This was my first time cooking turkey dinner at home since...I can't remember, and I got off to a terrible start. Do these things happen just to me? Read on.
Normally I am a big planner; life with two babies is just much more negotiable when I am organized and able to plan ahead for event such as holidays. However, when plans to dine elsewhere for our Thanksgiving dinner went awry, I decided to host it here--with five days to go.
I managed to hunt down a fresh turkey and get some Sweet Onion Dinner Rolls in the freezer, but that was the full extent of my dinner prep, due to an especially jam-packed weekend.
With Thanksgiving dinner planned for 3 PM Monday afternoon, I found myself in my kitchen around 10:30 PM on Sunday with every intention of getting started on the preparations.
My ears were still ringing from a lively and thoroughly enjoyable Indian engagement party we had just returned from and my shoulders ached from that wedding I photographed on Saturday (who knew that six hours of continuous shooting could take their toll?). I should have listened to my body and hit the sack, but as many of you know, I can be rather hard-headed, and it seemed perfectly logical to start cooking at that time of night. I at least wanted to get my cranberry sauce made so it could set all night in the fridge, so I juiced a few oranges, tossed the ingredients in a small pot, cranked my stove and went to check my blog feeds. (Can you see where this is going?)
A minute or two later I was squealing with excitement upon discovering that I had won a giveaway from the fabulous Michele over at Fine Furious Life. You would be excited too! All thoughts of cranberry sauce evaporated rapidly from my brain as I lost myself in the fun of discovering what I had won. It turns out the cranberry sauce evaporated too.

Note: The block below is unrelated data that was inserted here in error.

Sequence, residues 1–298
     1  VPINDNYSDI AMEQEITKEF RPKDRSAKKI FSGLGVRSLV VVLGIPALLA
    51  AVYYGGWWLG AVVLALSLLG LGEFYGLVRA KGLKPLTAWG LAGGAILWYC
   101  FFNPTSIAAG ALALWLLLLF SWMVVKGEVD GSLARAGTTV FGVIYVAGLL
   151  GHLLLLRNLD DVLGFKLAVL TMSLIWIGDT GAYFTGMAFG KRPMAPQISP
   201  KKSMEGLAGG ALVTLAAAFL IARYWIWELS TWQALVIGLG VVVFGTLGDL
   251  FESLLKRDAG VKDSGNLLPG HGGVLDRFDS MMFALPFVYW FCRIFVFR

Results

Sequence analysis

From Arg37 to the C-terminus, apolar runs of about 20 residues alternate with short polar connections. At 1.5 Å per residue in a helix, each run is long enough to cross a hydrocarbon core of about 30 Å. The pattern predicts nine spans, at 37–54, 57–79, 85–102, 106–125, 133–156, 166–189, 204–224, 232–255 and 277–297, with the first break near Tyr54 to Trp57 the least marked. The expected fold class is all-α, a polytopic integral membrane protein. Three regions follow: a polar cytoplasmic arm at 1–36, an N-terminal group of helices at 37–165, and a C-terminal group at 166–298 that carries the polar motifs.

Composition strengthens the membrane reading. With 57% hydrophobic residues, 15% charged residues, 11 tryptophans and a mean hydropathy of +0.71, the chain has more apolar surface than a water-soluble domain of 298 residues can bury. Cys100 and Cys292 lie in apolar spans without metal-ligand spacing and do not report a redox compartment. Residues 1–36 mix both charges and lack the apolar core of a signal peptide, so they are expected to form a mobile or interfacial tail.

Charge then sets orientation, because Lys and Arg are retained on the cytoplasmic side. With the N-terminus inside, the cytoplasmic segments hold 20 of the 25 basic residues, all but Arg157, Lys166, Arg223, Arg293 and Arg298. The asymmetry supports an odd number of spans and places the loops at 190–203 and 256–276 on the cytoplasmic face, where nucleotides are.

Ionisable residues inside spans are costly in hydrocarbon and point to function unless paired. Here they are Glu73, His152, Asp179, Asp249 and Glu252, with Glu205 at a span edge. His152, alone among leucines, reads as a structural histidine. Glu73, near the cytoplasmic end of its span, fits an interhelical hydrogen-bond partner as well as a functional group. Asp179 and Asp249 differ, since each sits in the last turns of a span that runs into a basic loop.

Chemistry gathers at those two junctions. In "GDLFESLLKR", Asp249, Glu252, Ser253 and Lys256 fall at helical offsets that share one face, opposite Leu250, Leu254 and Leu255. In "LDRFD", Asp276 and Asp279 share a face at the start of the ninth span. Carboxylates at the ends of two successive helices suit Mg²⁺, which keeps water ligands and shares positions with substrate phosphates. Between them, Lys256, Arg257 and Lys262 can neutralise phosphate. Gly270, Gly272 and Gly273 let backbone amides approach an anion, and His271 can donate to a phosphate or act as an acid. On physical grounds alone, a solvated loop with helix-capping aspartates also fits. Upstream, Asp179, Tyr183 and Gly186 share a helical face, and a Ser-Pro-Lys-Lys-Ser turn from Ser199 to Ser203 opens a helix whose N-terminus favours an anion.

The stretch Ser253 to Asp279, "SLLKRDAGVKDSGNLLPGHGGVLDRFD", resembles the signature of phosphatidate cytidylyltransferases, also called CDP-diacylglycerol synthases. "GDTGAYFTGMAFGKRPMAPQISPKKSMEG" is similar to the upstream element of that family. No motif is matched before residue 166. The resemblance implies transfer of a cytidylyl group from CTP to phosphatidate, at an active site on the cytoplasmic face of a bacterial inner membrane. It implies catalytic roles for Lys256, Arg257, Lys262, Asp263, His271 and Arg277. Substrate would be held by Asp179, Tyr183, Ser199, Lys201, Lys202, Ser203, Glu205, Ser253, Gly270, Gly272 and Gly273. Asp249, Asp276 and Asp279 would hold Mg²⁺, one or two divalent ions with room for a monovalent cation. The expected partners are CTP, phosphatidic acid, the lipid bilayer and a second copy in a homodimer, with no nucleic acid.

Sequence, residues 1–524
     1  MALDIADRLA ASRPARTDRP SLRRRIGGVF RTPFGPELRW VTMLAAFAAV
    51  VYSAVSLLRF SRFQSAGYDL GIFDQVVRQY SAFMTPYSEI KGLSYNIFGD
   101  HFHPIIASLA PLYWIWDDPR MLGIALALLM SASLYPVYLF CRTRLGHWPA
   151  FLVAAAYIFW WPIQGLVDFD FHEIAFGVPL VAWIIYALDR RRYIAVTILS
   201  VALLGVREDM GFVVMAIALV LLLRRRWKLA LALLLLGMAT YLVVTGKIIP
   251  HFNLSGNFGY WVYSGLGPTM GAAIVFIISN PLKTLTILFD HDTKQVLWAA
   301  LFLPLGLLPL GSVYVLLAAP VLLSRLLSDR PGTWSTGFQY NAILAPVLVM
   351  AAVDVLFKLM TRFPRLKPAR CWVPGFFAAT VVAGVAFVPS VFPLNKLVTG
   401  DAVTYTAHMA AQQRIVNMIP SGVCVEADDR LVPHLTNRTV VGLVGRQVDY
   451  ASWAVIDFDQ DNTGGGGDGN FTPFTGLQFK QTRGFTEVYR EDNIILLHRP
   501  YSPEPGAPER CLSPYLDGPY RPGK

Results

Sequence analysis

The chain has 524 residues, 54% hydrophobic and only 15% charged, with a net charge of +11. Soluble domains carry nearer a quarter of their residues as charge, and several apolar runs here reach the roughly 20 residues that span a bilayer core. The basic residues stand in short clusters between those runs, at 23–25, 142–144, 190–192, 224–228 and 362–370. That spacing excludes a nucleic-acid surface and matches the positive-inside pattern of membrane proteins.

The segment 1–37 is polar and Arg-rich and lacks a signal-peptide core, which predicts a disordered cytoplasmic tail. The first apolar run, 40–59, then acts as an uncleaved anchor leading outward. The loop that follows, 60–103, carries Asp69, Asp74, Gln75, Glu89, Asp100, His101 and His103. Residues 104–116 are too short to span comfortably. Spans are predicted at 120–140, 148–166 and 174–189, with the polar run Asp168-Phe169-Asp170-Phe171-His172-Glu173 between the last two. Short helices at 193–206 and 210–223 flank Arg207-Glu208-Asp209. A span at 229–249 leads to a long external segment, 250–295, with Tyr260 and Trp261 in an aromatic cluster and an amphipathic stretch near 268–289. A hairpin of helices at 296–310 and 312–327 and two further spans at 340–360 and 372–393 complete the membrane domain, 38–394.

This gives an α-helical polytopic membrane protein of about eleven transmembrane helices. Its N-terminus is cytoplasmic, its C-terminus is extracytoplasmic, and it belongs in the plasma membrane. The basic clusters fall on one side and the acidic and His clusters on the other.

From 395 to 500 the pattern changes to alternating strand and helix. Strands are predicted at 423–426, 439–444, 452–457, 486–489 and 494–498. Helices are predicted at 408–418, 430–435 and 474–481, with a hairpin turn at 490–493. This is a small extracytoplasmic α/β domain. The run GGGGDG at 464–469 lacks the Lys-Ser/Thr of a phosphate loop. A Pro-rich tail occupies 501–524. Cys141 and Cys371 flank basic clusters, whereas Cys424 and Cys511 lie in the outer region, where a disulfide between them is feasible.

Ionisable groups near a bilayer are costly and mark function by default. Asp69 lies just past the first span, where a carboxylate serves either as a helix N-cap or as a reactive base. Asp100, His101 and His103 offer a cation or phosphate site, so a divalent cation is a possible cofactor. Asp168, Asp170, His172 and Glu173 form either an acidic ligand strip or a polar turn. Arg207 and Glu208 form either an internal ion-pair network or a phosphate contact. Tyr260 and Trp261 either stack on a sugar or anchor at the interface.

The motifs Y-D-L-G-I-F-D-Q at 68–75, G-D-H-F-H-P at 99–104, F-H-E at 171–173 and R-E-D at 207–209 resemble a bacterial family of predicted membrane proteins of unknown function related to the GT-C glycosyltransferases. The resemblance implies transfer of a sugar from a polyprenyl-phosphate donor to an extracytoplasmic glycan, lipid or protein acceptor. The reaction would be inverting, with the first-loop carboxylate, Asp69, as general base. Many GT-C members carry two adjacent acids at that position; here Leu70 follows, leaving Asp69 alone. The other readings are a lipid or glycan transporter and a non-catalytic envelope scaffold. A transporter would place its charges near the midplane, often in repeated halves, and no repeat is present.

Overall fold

I didn't smell the smoke, and I really don't know what ejected me from my chair with a smothered shriek, but as I skidded into the kitchen I could see the smoke billowing from the pot.
I yanked the pot from the stove and like a true die-hard, thrust my finger into the molten mass and tasted it. That motion was enough to confirm what I feared, this wasn't just a first-degree burn, where the top can be scraped off and used, this was scorched through and through. I'd be lucky if the pot survived.
Update: It didn't.
Time to talk turkey! I had so much fun cooking this dinner and the burnt cranberry sauce--which I blame entirely on Michele--was the only bad part of the menu. As you can see from the photo at the top of the post, I had some cranberries reserved and was able to use them for a second batch of sauce.
Now, recipes you want and recipes you shall have. I am giving you this menu in three parts: 1) Turkey & Co, 2) Les à'côtés (or sides) and 3) Desserts, to give myself a chance to write up the recipes and remember what I did for each dish.
OK, the turkey is obviously the star of the show, although I admit, mine looks a bit like a washed-up has-been. How do they get them to look so great on those magazine covers?
In the past I've done it all to try and keep the turkey moist: the 24 hour brine bath, the wine-soaked cheese cloth wrap, and the heavy butter basting. This time I just kept in simple and was happy with the results. This isn't a recipe, per-se, but here's the method I used.
Basic Roast Turkey
Note: this is for an unstuffed, 10-12 Lb fresh turkey.
Remove turkey from it's wrap and rinse under cold running water. Pat dry with paper towels and place on a wire rack in a roasting pan. Allow to sit for about 2 hours to come to room temperature. Preheat oven to 350F. Season the bird inside and out with plenty of salt and pepper and place in the oven. Roast for about 2 hours, turning as needed to allow for even coloring.